(Bloomberg) -- Investors have been running scared of China this year as a regulatory crackdown and fears of financial contagion have roiled the nation’s assets. They now look to be making their way back.

Chinese authorities have in recent days allayed the biggest concerns held by global funds through speeches, state-media articles, looser policy and in some cases direct intervention. The message is clear: Beijing will act to avoid a property-market collapse, address energy shortages, contain China Evergrande Group’s debt crisis, and limit its tech market crackdown. And for the first time, President Xi Jinping clarified what his “common prosperity” campaign is trying to accomplish.

The result was a dramatic turnaround in Chinese markets this week, with a high-yield credit index heading for its biggest gain in 18 months, beaten-up stocks such as Didi Global Inc. and Kuaishou Technology surging about 20%, and developer shares posting the biggest two-day gain in nine months. BlackRock Inc. and UBS Group AG are among those turning more bullish on China’s equities, while Morgan Stanley’s credit desk said it’s time to buy speculative-grade debt.

As investors lose their fear of the potential for a China-engineered financial crisis, depressed prices in the country’s stock and credit markets have made them compelling targets. Chinese stocks dropped so much in the third quarter they lagged the world by the most in 20 years. Credit traders were pricing a 45% default rate for the nation’s property developers, a number Morgan Stanley said was far too high.

“We think that this pricing is unrealistic,” Kelvin Pang, the brokerage’s Hong Kong-based strategist wrote in a research note this week. “China high-yield valuation is pricing a lot of downside risk and no expectation of easing from both regulators and local governments.”

Chinese policy makers have made it clear they won’t allow the Evergrande crisis to turn systemic. Vice Premier Liu He became the highest-ranking official to stress that fact, saying this week risks in the property market are controllable. People’s Bank of China Governor Yi Gang and an official at the country’s banking regulator both made similar comments. 

The central bank is doing its bit to ensure there’s sufficient liquidity in the financial system, injecting 270 billion yuan ($42 billion) in short-term funding over the past three days. That’s helped suppress borrowing costs in the interbank market.  

Authorities are also taking action to alleviate the credit crisis gripping the property industry, loosening restrictions on home loans at some of the largest banks and allowing the sale of securities backed by residential mortgages.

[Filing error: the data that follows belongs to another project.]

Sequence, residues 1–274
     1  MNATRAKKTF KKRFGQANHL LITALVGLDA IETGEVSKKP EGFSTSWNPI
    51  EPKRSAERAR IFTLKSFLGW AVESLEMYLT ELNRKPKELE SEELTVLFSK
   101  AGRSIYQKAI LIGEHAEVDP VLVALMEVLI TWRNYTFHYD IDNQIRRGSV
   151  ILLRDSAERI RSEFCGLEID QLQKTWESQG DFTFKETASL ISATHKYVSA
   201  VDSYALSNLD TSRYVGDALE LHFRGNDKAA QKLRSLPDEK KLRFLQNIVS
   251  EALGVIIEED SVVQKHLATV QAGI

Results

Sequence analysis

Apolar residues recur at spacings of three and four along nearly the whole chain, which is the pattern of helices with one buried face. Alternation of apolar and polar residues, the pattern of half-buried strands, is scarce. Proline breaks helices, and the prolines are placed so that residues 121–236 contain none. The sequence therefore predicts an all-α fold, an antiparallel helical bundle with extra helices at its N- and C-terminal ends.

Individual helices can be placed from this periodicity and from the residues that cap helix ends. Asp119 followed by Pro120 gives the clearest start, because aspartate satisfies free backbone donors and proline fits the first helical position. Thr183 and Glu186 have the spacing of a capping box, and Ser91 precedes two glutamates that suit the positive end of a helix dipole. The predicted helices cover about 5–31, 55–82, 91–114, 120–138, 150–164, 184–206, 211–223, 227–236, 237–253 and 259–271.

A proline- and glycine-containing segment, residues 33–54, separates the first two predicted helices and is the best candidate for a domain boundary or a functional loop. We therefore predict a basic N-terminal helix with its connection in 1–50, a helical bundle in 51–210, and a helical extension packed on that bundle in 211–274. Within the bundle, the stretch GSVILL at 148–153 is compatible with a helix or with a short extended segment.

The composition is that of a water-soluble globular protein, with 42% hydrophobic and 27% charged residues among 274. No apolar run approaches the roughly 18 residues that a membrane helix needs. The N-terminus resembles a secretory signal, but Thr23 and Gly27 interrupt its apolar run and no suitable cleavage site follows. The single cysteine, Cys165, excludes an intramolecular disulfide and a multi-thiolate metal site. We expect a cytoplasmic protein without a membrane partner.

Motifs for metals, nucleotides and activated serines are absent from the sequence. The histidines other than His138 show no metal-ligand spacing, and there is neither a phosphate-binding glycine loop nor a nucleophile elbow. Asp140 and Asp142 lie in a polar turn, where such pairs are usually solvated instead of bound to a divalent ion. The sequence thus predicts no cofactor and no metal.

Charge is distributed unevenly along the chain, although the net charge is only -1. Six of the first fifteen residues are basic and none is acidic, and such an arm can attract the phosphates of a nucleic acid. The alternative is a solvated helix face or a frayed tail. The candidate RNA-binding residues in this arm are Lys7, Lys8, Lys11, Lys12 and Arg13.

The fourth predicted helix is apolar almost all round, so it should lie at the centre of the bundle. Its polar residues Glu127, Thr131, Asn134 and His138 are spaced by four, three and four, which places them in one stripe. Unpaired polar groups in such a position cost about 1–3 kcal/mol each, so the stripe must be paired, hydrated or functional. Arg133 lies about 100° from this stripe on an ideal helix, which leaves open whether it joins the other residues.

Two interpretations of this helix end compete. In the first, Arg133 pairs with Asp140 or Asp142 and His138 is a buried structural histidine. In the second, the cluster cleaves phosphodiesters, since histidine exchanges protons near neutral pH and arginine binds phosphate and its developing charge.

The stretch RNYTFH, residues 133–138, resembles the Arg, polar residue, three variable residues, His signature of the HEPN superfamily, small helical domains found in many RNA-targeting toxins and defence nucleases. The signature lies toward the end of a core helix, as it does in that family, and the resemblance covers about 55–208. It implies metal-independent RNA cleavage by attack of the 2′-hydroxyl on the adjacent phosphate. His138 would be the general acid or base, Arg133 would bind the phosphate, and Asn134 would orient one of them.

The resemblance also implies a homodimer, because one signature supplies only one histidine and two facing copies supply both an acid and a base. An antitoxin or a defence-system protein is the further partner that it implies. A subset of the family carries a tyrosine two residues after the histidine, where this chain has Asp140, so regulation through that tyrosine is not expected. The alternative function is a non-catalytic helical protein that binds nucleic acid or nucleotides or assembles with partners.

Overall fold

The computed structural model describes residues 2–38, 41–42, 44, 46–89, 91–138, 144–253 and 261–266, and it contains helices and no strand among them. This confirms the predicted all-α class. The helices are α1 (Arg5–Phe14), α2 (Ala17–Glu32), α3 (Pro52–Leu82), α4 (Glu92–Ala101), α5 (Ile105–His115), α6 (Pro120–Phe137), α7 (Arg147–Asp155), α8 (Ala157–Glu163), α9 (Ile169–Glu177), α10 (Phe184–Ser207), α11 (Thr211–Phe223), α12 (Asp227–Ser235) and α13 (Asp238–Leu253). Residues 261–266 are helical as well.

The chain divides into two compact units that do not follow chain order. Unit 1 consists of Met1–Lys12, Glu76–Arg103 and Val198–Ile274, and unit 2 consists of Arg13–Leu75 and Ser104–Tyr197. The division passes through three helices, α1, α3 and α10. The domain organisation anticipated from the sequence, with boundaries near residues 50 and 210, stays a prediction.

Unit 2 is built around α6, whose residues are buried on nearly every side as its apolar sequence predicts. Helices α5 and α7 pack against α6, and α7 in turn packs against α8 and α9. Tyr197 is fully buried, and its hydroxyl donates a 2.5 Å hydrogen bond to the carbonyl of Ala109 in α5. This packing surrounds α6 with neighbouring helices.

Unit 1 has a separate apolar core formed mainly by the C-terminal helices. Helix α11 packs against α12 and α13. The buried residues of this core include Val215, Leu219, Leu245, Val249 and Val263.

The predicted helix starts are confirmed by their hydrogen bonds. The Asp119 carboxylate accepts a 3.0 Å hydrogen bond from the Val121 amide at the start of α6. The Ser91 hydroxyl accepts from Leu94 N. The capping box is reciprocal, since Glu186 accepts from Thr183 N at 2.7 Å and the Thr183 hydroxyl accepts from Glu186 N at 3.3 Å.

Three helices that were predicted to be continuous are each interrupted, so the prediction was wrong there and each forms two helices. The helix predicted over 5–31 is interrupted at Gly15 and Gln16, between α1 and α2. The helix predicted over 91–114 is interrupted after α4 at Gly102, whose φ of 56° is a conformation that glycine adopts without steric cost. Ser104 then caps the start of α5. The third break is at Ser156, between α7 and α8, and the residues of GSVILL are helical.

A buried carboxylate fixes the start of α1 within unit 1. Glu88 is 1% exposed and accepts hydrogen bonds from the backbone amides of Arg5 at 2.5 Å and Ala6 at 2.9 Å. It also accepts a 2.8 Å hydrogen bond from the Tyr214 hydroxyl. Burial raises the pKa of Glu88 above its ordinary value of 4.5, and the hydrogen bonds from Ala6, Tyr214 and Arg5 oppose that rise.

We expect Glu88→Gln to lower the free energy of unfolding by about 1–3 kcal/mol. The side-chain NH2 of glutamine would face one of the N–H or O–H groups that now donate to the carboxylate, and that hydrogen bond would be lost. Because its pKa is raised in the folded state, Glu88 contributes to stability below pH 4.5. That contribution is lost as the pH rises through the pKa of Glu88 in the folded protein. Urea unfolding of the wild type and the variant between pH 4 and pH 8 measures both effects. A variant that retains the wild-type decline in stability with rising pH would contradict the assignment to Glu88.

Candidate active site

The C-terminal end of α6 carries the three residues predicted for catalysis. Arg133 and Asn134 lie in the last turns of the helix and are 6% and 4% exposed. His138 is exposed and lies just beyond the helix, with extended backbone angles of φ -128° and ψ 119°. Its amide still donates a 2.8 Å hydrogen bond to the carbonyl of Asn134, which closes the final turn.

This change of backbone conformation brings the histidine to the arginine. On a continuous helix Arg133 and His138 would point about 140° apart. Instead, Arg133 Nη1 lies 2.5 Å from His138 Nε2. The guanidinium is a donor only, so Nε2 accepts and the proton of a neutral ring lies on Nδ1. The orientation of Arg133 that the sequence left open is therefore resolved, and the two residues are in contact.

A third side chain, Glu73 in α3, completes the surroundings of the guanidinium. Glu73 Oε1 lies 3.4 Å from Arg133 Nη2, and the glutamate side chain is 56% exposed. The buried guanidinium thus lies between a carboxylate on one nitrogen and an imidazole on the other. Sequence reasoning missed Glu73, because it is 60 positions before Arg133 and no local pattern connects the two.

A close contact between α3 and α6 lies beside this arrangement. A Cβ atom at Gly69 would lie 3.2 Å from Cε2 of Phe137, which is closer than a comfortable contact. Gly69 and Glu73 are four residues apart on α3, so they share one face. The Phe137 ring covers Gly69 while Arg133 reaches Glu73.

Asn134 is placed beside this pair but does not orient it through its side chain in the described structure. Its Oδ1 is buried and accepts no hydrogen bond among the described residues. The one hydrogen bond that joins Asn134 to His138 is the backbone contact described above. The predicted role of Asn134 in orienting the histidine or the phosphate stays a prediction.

An index of property-developer shares has jumped almost 7% over the past two days, with Sunac China Holdings Ltd. surging 20%. Evergrande itself avoided default by wiring funds to pay a coupon due Saturday, triggering a rebound in its stocks and bonds. The world’s most indebted developer still needs to pay interest on another four dollar notes this year. 

China also appears to be easing off on Big Tech, the target of the government’s anti-monopoly and big-data crackdowns. News that Alibaba Group Holding Ltd. founder Jack Ma traveled abroad for the first time in a year signaled to traders that billionaire entrepreneurs may be coming back into favor. Authorities are close to completing their investigation into Didi -- the ride-hailing firm that listed in the U.S. against the wishes of Beijing -- according to a Dow Jones report.

There’s still a lot that can go wrong.

Evergrande hasn’t made much progress on selling any of its main assets and it’s unclear at what point the government will step in to offer support if contagion spreads. China’s economic slowdown is likely to continue into October, with authorities battling a disruptive energy crisis as the approaching winter threatens to ratchet up demand. Inflation pressures mean expectations of monetary easing are being pushed back. Data this week showed new-home prices fell in September for the first time since April 2015.

But with valuations this low, investors are seizing on any sign that the government is pivoting toward more market-friendly policies. 

“We have arrived at a new level of regulatory oversight, scrutiny and pressure, and it’s going to stay there, but the market has got a much better understanding of where the level is,” Ben Powell, chief investment strategist for Asia Pacific at BlackRock Investment Institute in Singapore, told Bloomberg Television this week. His firm turned moderately overweight Chinese shares last month, he said.

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